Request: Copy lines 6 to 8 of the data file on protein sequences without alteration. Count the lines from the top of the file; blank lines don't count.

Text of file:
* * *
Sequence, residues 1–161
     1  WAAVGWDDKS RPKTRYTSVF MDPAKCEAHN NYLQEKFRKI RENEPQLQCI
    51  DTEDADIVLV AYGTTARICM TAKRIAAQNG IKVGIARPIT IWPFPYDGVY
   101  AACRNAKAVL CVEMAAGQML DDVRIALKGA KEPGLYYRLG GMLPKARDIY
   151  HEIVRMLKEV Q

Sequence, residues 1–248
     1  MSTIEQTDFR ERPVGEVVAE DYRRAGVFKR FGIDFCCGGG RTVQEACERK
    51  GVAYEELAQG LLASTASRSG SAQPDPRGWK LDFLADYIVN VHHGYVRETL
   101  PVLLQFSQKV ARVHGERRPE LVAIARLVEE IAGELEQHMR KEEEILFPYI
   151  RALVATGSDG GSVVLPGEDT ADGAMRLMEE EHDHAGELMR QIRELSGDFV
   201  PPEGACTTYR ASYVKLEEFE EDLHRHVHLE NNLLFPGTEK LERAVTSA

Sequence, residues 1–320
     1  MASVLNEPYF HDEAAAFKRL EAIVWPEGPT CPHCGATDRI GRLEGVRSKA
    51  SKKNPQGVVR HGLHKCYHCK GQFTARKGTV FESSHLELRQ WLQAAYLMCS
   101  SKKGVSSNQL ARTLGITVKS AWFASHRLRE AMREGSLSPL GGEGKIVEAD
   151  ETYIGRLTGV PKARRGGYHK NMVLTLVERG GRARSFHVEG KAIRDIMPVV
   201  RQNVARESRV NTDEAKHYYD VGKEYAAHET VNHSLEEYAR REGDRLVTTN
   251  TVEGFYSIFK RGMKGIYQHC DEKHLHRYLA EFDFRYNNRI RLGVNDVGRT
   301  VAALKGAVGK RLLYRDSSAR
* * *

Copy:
Sequence, residues 1–248
     1  MSTIEQTDFR ERPVGEVVAE DYRRAGVFKR FGIDFCCGGG RTVQEACERK
    51  GVAYEELAQG LLASTASRSG SAQPDPRGWK LDFLADYIVN VHHGYVRETL